Advertisement

Trade protections under the Customs Modernization and Tariff Act

Font Size
Jemy Gatdula

Being Right

Trade protections under the Customs Modernization and Tariff Act

With news of possible escalation of trade hostilities between the US and China, it would be good to look at possible trade processes and remedies that can be resorted to by the Philippines in case the conflict creeps into our economy.

The Customs Modernization and Tariff Act (CMTA or RA 10863), enacted in 2016, not only sought to upgrade customs rules and procedures and smooth out kinks in the supply chain but also included measures to protect the Philippines or Philippine industries in case of trade discrimination or harmful imports.

There are the trade remedies, which Secs. 711, 712, and 713 provide for by referring to RA Nos. 8752, 8800, and 8751 (or for anti-dumping, safeguards, and countervailing, respectively).

Then there is Section 714, which authorizes, without prejudice to any Philippine commitment in any ratified international agreements or treaty, the President in case of discrimination by foreign countries to (if the public interest will be served thereby) specify and declare new or additional duties in an amount not exceeding one hundred percent (100%) ad valorem upon goods wholly or in part the growth or product of, or imported in a vessel of, any such foreign countries.

Thus, if the President finds that another country imposes, directly or indirectly, upon the disposition or transportation in transit or through reexportation from such country of any goods wholly or in part the growth or product of the Philippines, any unreasonable charge, exaction, regulation or limitation which is not equally enforced upon the like goods of every foreign country; or discriminates in fact against the commerce of the Philippines, directly or indirectly, by law or administrative regulation or practice, by or in respect to any customs, tonnage, or port duty, fee, charge, exaction, classification, regulation, condition, restriction or prohibition, in such manner as to place the commerce of the Philippines at a disadvantage compared with the commerce of any foreign country.

If at any time the President shall find it to be a fact that such foreign country or countries has not only discriminated against the commerce of the Philippines but, after the issuance of a proclamation protecting the Philippines, maintained or increased its said discrimination against the commerce of the Philippines, the President is hereby authorized, if deemed consistent with the interests of the Philippines and of public interest, to issue a further proclamation directing that such product of said country or countries or such goods imported in their vessels be excluded from importation into the Philippines.




port customs

The Tariff Commission has the duty to ascertain and at all times be informed whether discriminations are being done against the commerce of the Philippines, and if and when such discriminatory acts are disclosed, it shall be the duty of the TC to bring the matter to the attention of the President, and to recommend measures to address such discriminatory acts.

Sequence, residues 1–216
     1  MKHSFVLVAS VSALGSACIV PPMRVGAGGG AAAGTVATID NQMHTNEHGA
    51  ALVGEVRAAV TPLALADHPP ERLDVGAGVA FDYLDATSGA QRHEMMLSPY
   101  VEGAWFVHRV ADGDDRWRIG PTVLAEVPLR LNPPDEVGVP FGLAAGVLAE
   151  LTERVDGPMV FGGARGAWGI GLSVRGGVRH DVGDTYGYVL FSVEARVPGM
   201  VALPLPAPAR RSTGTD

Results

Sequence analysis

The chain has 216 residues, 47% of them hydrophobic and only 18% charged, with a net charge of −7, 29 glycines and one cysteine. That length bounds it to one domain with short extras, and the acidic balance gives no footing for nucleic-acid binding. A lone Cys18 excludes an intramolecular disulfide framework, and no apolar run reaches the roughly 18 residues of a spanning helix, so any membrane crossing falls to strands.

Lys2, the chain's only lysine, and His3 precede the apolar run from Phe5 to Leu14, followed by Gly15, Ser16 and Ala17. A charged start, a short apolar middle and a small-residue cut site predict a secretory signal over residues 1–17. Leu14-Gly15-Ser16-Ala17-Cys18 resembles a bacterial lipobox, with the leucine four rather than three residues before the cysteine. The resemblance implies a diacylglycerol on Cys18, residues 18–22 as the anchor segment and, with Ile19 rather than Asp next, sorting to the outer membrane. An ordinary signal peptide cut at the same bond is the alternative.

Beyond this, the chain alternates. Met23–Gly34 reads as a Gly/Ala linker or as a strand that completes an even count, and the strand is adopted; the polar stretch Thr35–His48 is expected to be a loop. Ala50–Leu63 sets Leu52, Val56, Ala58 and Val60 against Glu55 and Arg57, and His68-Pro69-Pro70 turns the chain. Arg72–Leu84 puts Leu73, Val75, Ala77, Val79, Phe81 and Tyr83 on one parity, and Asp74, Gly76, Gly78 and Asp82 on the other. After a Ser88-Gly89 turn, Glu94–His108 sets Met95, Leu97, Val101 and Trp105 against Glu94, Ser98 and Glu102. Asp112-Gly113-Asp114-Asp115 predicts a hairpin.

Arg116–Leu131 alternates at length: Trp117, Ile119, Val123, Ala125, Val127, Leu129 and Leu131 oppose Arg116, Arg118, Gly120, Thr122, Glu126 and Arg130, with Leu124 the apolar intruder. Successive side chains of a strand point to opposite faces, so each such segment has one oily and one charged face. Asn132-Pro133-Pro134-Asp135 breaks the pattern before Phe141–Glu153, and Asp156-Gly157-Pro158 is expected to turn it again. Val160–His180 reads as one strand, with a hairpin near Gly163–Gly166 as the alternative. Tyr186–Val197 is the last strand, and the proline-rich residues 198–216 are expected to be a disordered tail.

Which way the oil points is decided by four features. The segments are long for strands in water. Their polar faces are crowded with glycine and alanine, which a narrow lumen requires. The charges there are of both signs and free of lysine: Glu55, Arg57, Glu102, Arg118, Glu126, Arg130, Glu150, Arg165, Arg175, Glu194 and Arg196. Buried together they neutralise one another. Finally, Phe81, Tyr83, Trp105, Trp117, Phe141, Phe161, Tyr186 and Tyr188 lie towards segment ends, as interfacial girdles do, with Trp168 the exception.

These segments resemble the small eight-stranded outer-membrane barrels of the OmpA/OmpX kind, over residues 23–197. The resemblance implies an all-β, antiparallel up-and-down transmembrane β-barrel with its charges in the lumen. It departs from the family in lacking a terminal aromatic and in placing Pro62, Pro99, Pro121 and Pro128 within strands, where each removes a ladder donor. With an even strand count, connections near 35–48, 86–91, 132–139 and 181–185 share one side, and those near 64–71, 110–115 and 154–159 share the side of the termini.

Aside from trade remedies, should foreign imports be coming in harmful volumes, there is also the “flexible clause” (e.g, Section 1608) which provides that in the interest of the general welfare and national security, and, subject to the limitations prescribed under the CMTA, the President, upon the recommendation of the NEDA, is hereby empowered to: increase, reduce, or remove existing rates of import duty including any necessary change in classification. The existing rates may be increased or decreased to any level, in one or several stages, but in no case shall the increased rate of import duty be higher than a maximum of one hundred percent (100%) ad valorem.

Under Sec. 1608, the President can also establish import quotas or ban imports of any commodity, as may be necessary; and impose an additional duty on all imports not exceeding ten percent (10%) ad valorem whenever necessary.

Notably, the powers stated under the flexibility clause are delegated to the President and exercisable only when Congress is not in session. As such, the said powers may be withdrawn or terminated by Congress through a joint resolution.

Finally, Section 1609 (Promotion of Foreign Trade) provides that, for the purpose of expanding foreign markets for Philippine products as a means of assisting in the economic development of the country, in overcoming domestic unemployment, in increasing the purchasing power of the Philippine peso, and in establishing and maintaining better relations between the Philippines and other countries, the President can enter into trade agreements with foreign governments or instrumentalities thereof; and modify import duties, including any necessary change in classification and other import restrictions as are needed to carry out or promote foreign trade.

It’s quite important to note that before any trade agreement is concluded with any foreign government or instrumentality thereof, reasonable public notice of the intention to negotiate an agreement with such government or instrumentality shall be given in order that interested persons may have an opportunity to present their views to the TC. The latter shall seek information and advice from other relevant government agencies.

 

Jemy Gatdula is a Senior Fellow of the Philippine Council for Foreign Relations and a Philippine Judicial Academy law lecturer for constitutional philosophy and jurisprudence.

jemygatdula@yahoo.com

www.jemygatdula.blogspot.com

facebook.com/jemy.gatdula

Twitter: @jemygatdula

Advertisement